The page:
Differing priorities mean different targets for state and independents

29th August 2008 at 01:00
A striking disparity between two sets of figures published

There was a striking disparity between two sets of figures published, to varying degrees of media interest, in the past two weeks.

The first, which garnered front page headlines in the Daily Telegraph, showed how independent schools have pulled further ahead of their state rivals at the top end of A-level performance in recent years.

The proportion of A grades improved by 3.9 percentage points to 20.4 per cent in comprehensives between 2002 to 2008. The corresponding rate in private schools rose by 9.1 points to 50.4 per cent over the same period.

But for GCSEs, the position was very different, although this struggled to gain much attention in the national dailies, with only The Independent and The Guardian mentioning it.

In fact, comprehensives have closed the GCSE performance gap on independents at both A* and A grades and, more strikingly, at C grade, the new figures show.

Over the past six years, the proportion of state entries attaining A*-C rose by 8.9 points to 62.4 per cent, while in private education it fell by 0.4 points to 90.4 per cent.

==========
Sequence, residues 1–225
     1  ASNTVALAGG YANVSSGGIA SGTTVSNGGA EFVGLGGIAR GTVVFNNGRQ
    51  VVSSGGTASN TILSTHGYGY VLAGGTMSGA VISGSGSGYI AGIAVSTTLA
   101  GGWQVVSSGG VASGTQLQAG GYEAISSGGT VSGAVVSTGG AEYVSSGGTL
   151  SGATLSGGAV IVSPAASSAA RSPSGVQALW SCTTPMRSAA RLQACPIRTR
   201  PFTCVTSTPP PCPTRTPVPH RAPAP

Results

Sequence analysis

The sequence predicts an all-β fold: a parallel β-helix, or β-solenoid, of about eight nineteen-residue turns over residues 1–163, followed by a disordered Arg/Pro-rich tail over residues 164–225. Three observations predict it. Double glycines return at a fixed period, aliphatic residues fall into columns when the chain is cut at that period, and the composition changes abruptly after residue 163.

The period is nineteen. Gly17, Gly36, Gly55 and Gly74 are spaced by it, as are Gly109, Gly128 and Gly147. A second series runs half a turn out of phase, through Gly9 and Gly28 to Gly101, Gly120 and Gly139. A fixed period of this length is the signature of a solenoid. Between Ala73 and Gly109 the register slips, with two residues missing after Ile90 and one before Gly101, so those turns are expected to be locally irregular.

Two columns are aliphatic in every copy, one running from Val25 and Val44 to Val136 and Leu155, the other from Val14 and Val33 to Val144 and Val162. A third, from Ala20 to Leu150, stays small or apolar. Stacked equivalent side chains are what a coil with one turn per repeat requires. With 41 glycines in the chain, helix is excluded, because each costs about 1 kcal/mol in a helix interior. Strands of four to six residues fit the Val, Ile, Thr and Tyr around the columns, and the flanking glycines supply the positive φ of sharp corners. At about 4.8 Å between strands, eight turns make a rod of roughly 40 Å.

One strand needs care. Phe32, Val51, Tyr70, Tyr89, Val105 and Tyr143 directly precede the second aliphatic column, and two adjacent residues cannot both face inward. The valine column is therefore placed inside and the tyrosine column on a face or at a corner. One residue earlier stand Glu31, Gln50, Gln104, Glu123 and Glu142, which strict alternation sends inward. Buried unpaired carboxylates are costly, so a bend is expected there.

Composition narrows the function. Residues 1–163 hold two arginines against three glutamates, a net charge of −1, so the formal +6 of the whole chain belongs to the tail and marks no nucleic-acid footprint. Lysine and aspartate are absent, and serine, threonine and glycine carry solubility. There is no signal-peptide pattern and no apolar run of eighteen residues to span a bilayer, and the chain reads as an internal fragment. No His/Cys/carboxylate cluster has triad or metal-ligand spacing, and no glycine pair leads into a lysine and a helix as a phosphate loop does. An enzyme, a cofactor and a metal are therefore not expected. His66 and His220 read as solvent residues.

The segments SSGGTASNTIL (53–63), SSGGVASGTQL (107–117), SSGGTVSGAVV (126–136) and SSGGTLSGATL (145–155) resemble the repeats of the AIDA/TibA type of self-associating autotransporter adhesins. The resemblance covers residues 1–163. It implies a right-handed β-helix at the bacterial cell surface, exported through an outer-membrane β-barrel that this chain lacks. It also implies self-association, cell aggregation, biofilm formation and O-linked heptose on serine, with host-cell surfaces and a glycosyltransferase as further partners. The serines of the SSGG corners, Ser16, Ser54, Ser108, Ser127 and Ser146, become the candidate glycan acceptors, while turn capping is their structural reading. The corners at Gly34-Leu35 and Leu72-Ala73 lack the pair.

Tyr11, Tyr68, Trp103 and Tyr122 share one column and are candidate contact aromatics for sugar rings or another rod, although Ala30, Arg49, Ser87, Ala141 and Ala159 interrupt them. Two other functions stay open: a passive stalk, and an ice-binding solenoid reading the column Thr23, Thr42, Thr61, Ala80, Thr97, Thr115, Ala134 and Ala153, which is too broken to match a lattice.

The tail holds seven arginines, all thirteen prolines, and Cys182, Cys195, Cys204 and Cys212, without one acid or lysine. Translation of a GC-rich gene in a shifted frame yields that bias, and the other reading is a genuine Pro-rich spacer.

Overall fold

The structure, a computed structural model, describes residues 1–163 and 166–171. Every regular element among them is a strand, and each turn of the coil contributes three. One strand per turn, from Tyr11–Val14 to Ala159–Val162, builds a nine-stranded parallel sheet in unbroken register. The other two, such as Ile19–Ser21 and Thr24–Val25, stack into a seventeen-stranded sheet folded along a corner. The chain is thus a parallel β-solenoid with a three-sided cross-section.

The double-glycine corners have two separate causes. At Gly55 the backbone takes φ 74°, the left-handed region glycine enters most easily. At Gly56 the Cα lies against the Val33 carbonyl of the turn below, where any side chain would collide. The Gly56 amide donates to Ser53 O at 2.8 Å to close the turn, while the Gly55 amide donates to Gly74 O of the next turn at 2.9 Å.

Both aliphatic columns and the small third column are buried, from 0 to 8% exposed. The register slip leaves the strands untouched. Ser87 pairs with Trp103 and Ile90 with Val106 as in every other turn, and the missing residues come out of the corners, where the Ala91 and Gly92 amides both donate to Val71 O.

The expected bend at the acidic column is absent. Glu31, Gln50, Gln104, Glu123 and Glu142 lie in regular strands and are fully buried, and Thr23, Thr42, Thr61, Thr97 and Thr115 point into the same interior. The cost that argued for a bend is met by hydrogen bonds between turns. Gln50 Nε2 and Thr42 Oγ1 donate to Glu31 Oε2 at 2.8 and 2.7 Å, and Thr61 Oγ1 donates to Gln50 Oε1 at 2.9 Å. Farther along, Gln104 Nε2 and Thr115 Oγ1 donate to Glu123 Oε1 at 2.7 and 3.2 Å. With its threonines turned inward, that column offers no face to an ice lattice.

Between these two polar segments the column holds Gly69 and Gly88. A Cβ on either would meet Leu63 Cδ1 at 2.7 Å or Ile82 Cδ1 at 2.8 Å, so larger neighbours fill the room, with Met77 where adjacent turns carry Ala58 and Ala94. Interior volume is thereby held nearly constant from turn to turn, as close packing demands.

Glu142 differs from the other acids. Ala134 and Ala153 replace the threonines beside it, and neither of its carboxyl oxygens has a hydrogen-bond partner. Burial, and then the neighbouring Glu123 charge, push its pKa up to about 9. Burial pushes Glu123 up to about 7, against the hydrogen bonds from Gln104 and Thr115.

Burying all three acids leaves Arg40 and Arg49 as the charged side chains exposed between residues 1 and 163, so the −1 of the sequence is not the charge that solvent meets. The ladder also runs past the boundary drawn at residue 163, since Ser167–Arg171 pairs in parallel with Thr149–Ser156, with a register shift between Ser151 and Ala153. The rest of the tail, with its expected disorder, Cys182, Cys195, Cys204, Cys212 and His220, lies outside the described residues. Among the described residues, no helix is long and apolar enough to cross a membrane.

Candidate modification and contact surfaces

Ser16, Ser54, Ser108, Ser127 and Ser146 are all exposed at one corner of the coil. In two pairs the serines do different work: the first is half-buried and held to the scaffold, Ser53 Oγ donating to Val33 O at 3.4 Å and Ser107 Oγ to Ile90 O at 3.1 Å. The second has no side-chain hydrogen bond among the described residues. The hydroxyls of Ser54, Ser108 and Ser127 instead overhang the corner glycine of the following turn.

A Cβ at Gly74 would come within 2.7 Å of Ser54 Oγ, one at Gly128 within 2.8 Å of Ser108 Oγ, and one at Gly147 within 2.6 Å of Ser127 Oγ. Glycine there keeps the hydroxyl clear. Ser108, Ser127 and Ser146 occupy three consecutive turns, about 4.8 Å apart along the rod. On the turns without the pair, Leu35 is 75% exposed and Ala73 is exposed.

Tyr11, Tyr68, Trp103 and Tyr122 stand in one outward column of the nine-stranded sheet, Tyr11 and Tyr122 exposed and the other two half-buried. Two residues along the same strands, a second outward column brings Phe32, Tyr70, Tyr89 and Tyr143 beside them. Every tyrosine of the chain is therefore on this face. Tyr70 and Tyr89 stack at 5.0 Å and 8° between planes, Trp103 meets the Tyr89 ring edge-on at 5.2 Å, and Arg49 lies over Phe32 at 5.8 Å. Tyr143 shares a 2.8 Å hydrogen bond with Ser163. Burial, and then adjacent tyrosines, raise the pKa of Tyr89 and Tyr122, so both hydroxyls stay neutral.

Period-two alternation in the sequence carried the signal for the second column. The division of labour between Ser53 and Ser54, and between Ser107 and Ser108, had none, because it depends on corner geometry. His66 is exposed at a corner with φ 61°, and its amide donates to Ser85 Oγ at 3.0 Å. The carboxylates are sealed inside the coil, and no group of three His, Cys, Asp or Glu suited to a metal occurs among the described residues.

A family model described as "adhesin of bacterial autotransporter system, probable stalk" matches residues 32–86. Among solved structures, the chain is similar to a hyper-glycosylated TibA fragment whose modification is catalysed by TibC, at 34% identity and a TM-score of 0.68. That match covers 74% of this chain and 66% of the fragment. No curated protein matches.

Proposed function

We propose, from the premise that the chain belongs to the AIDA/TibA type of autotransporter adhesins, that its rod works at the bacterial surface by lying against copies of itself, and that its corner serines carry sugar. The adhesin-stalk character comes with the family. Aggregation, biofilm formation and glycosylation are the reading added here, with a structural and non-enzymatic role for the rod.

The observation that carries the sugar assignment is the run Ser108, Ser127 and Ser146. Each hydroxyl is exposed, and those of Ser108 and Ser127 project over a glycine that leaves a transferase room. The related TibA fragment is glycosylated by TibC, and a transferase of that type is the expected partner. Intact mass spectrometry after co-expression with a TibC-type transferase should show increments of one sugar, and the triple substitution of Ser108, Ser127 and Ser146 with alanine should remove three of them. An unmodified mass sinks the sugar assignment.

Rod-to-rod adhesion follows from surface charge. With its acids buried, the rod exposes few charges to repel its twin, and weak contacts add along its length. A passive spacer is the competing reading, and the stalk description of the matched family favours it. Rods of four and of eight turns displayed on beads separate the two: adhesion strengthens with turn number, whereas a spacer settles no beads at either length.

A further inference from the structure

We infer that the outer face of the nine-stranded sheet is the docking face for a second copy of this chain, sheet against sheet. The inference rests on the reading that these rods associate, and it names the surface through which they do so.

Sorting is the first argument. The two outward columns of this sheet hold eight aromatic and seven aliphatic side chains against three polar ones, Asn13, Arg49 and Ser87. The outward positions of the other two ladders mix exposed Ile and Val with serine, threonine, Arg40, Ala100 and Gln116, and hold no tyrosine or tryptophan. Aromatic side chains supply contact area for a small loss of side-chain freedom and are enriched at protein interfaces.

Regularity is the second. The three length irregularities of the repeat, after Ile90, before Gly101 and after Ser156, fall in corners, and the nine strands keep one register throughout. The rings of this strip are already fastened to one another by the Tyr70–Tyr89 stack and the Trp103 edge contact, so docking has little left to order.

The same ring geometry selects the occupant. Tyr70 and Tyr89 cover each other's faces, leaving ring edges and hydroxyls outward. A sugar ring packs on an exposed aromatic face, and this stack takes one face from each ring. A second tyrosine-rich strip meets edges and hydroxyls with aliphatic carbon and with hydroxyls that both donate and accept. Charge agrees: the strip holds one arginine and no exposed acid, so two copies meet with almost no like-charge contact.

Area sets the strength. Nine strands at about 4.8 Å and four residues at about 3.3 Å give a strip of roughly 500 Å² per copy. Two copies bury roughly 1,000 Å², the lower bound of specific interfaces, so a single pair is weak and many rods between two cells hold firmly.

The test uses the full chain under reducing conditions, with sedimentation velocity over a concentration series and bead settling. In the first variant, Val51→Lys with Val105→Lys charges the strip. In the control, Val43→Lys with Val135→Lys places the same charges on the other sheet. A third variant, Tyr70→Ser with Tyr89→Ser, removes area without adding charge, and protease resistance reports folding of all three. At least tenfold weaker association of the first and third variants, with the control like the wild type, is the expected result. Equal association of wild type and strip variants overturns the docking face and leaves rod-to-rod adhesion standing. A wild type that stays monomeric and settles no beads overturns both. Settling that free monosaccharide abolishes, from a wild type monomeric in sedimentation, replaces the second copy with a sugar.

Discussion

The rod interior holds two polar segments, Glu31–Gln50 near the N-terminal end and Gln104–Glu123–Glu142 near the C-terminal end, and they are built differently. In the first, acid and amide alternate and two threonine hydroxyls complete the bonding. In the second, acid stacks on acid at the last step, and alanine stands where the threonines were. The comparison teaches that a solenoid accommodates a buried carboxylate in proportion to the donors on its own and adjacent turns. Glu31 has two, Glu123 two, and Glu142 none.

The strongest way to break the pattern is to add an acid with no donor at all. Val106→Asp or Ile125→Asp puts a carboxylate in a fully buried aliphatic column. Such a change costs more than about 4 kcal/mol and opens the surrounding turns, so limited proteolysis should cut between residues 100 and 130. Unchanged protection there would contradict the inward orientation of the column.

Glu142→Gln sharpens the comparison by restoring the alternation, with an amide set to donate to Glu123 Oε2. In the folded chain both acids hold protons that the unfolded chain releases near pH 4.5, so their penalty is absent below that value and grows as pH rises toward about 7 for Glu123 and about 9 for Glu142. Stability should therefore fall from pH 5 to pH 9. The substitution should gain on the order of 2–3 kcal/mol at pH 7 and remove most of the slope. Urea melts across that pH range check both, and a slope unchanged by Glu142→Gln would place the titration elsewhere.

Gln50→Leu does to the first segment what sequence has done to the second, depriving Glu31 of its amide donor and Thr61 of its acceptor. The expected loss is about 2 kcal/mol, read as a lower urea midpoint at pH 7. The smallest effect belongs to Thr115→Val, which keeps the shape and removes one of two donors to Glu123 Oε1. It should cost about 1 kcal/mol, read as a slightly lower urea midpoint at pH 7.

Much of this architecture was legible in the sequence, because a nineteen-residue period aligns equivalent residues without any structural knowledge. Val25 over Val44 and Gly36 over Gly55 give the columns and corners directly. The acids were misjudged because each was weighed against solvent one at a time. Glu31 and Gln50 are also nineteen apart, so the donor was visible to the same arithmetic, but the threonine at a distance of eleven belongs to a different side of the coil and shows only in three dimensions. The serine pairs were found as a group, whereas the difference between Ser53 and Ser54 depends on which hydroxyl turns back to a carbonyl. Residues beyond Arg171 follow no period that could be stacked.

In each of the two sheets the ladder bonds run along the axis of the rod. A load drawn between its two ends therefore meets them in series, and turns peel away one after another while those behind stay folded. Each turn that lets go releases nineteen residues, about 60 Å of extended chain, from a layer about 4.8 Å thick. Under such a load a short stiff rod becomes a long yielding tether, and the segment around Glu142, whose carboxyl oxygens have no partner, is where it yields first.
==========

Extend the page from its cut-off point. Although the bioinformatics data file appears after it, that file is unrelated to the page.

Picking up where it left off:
So what has been going on? Why are two measures of performance pointing in such radically different directions?

The examination boards were unwilling to offer any explanation, saying that their job was simply to produce the figures, although they did suggest that research should be carried out into possible causes. But one hypothesis suggests itself. Schools in both sectors respond to the varying pressures they face by targeting resources where they think they will be most effective.

Private schools know that many parents will expect the fees they pay to help their child get into a top university. So they make a high grade at A-level their priority.

In the state sector, league tables and targets focus predominantly on the ability of middle-ability children to achieve a grade C.

Extra effort has undoubtedly been devoted to these pupils, as initiatives such as London Challenge, which gives additional attention to CD borderline teenagers, shows.

Will these children then go on and achieve A grades at A-level? It seems unlikely. But for the school, whose future may depend on securing good scores at GCSE, that may be less of a problem.

Top grades at A-level are the key to university entrance, and encouraging more working class children to go to good universities is a key Government priority in its drive to improve social mobility. The league table regime may not be helping.

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